Another example of a change in the point of view of courts is found in their present attitude towards the distribution of governmental functions. The law books continue to repeat as immutable doctrine that there can be no delegation of legislative power, but the Supreme Court sustains the tremendous power given by Congress to the Interstate Commerce Commission. Of course, the form of non-delegation may be preserved by dialectics, but the effect of the court's decisions is to recognize the pressure of economic facts and give the commission substantial control over interstate carriers. Within a decade throughout the country, in increasing variety of administrative commissions with what amounts to legislative power have been created. This means,

, in effect, the application of technical knowledge, developed by authoritative investigation and fair hearing, to modern complex industrial conditions. The creation of these commissions and the exercise of their power have, broadly speaking, been sustained by the courts as proper instruments for achieving appropriate ends.

So far as control over public utilities is concerned, it is only the machinery which is new. The principles of law supporting such control can be found in the Year Books. The machinery for exercising such control cannot be found in the Year Books. Means for making control effective have had to be devised. As a result, problems of law enforcement, the relation of administrative action to legislature and courts, have brought to the fore a cloud of important questions calling for separate treatment as a substantially new branch of law in this country-administrative law.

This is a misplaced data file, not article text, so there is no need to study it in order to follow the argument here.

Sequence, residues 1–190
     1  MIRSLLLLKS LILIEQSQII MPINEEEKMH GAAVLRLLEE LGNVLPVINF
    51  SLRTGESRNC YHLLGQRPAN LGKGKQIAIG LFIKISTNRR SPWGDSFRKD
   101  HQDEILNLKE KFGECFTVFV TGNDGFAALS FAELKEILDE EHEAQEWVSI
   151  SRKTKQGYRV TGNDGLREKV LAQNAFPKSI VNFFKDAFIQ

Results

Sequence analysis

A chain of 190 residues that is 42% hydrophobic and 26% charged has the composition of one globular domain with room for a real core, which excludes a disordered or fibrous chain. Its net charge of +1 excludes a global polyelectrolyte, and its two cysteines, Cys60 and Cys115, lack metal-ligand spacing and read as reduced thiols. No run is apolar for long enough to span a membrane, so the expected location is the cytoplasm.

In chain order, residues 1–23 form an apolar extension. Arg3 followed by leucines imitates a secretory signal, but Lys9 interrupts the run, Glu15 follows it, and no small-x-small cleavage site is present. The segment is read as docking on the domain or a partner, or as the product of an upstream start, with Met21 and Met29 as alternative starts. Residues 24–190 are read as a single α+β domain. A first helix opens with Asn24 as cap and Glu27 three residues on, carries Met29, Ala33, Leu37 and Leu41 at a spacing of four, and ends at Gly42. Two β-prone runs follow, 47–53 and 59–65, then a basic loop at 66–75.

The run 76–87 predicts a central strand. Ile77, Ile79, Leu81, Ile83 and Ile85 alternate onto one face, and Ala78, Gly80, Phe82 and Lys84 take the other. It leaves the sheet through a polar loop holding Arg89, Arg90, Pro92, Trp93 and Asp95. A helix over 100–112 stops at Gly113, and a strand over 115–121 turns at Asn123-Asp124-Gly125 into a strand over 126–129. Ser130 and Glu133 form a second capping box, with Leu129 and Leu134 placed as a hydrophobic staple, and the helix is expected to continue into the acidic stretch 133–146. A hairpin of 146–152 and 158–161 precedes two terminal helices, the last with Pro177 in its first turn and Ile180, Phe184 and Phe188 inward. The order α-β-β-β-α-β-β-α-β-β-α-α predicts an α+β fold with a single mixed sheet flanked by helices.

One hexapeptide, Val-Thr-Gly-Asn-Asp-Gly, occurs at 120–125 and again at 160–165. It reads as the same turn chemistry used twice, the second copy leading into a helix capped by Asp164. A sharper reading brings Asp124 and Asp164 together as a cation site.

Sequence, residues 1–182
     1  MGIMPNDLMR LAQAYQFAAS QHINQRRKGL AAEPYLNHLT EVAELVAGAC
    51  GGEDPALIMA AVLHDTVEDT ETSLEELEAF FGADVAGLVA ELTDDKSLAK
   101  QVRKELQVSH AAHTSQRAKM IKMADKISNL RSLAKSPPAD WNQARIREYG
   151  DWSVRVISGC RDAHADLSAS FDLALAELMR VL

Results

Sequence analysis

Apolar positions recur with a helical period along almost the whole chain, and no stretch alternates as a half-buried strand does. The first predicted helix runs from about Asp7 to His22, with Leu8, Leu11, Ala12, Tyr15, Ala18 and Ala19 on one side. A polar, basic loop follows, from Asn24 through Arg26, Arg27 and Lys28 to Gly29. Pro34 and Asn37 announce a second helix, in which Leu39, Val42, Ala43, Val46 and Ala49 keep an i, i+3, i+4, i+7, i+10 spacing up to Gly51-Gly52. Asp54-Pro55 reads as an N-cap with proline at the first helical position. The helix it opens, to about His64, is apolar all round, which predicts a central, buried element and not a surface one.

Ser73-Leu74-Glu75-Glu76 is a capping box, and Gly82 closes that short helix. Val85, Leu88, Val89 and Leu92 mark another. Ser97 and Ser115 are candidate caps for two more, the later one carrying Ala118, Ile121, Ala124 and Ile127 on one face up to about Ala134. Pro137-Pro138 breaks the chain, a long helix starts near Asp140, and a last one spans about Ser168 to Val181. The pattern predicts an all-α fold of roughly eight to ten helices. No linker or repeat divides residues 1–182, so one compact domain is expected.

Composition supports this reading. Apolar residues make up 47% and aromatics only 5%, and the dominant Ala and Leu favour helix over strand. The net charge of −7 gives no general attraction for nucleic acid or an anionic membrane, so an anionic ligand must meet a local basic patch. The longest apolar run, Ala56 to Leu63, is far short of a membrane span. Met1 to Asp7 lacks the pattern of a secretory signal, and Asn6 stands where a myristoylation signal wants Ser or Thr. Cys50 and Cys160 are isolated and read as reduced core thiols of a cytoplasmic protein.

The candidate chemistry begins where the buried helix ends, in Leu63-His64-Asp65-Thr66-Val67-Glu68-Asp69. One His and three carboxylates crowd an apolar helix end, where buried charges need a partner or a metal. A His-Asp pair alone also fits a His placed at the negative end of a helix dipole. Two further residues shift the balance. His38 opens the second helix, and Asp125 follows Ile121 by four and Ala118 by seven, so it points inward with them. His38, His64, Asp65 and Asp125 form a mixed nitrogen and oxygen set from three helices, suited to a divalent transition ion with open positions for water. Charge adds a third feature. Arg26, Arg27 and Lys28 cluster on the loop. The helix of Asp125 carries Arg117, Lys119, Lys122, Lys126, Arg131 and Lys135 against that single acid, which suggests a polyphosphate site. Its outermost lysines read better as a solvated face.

The need for legislation has been amply responded to. Of making statutes there is no end. We have had a mass of legislation, some wise, some very foolish. Yet this mass of legislation, ill-considered and well-considered, apparently at times haphazard and piecemeal, constitutes on the whole, as Mr. Jethro Brown has shown, a body of law with common aims and a set of underlying principles.

But present conditions demand much more than new machinery, devised by legislation, for the effective application of old principles. And, to the extent that statutes effect changes in the substantive law, judicial decisions should not be uninfluenced by the reasons back of this legislation. For statute law and law developed through judicial opinions are, in reality, but two sides of the same activity. The two should harmonize. Both should express the same underlying premises, the same ends sought to be achieved by law. Particularly, in this country (passing for the moment the British self-governing dominions), in the last analysis, the whole field of law is for judicial development, because of the reviewing power of the courts.

These are conditions which demand new premises to fit the accumulation of new facts, from which to formulate new legal principles, just as the law, flexible common law, in Mansfield's day, absorbed the customs of merchants.